FindLaw KnowledgeBasePublished: 2013-01-14
Last year, one of the largest individual employment law verdicts was granted to a surgical physician’s assistant who was wrongfully terminated from her position at a large hospital in Sacramento. The multi-million dollar case awarded the former employee over $3.5 million in past and future lost wages, nearly $40,000 for pain and suffering and $125 million for punitive damages, which are awarded in an attempt to punish a defendant and deter others from committing similar wrongful acts.
During a period of two years while working in a cardiac surgical unit, the physician’s assistant, a woman, filed more than 15 written complaints with the human resources department where she worked outlining instances of labor law violations and safety infractions that jeopardized patient safety. Verbal complaints conveyed to her supervisor were laughed at or ignored.
During her trial, evidence was presented showing she was subject to physical and verbal sexual harassment, including such actions as:
- Unwanted sexual advances
- Inappropriate physical contact
- Demeaning sexual comments
Seven days after submitting another complaint in 2008, she was fired from her job. Eight months later, after testifying in a deposition for her wrongful termination case, her former employer took steps to have her terminated from a newly acquired job. She subsequently added claims of whistleblower retaliation against the former employer.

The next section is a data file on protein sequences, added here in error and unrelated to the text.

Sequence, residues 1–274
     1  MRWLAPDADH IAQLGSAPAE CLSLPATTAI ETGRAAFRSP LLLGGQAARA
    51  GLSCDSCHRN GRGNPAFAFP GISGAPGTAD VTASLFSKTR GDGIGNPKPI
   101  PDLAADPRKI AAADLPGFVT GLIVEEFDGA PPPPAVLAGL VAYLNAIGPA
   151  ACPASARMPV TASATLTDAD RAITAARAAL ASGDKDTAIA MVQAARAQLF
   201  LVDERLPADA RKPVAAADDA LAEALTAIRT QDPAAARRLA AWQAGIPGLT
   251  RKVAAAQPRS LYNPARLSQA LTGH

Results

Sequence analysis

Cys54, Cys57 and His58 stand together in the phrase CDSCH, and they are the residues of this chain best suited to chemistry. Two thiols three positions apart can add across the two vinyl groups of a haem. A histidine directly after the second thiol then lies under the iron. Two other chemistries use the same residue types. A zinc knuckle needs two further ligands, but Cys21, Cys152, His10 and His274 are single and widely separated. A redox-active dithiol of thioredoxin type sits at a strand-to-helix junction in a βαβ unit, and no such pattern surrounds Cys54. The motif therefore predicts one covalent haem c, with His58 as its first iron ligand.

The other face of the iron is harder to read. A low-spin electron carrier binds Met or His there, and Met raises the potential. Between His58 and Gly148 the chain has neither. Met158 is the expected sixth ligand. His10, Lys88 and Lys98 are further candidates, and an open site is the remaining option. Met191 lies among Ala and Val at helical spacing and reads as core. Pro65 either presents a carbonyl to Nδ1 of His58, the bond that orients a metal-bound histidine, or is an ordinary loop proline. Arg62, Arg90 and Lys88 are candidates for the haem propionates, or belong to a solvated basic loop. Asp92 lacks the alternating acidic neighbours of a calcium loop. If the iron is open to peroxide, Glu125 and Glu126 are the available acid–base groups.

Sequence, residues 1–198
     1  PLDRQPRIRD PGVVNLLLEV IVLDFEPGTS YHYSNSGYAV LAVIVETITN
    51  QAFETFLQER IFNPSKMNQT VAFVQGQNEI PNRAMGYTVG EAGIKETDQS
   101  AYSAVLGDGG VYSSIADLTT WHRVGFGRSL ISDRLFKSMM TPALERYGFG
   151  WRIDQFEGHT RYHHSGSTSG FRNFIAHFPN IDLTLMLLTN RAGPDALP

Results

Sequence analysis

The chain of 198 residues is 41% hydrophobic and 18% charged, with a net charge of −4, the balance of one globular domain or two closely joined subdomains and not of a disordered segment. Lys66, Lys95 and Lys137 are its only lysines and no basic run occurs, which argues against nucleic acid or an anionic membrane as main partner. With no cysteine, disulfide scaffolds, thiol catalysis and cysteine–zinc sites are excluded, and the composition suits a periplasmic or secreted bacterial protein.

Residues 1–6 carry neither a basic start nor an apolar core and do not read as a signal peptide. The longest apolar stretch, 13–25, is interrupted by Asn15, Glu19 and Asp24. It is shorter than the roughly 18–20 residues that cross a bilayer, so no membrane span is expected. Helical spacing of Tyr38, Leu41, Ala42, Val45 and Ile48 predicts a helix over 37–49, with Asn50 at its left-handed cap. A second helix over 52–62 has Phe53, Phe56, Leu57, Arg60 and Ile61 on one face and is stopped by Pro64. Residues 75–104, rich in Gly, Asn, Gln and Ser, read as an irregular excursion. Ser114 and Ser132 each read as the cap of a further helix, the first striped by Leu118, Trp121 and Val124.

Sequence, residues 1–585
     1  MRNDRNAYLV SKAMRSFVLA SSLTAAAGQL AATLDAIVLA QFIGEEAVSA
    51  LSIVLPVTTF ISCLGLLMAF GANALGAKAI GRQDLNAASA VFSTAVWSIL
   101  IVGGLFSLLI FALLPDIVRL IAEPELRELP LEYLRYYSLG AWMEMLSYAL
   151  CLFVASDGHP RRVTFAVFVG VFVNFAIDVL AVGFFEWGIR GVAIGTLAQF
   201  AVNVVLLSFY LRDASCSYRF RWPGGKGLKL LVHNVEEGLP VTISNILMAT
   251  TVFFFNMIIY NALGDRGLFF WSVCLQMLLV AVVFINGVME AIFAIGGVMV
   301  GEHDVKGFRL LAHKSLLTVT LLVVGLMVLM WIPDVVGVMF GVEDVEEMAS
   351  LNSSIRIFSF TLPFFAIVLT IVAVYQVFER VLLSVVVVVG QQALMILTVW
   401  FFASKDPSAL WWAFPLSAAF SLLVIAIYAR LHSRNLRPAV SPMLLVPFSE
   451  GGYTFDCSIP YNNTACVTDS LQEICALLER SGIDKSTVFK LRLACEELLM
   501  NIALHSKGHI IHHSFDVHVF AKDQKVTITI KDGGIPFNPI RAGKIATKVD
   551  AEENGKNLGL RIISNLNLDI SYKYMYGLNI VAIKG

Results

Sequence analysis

Retaliation against a whistleblower in California
In California, it is against the law for an employer to retaliate against an employee who blows the whistle on wrongful behavior in the workplace. Under section 1102.5 of the California Code, an employer may not retaliate against an employee for actions taken by the employee such as:
- Disclosing a violation of law to a government or law enforcement office information
- Reporting a violation of law to his or her employer
- Refusing to participate in activity that would violate a law
A complaint submitted to an employer regarding sexual harassment or a hostile work environment is considered a “report” for the purposes of this law.
The employee in this case reported instances of compromised patient safety as well as employment law violations — she and others were denied mandatory meal breaks — which were ignored or inadequately addressed by her employer. Often such violations are not so blatant, but that does not make them any less serious or illegal.
If you have suffered sexual harassment or retaliation at your place of employment, consult with an experienced whistleblower retaliation lawyer. You may be entitled to lost wages and damages for emotional distress. You may also be helping others who suffer from similar workplace violations by bringing such violations to light.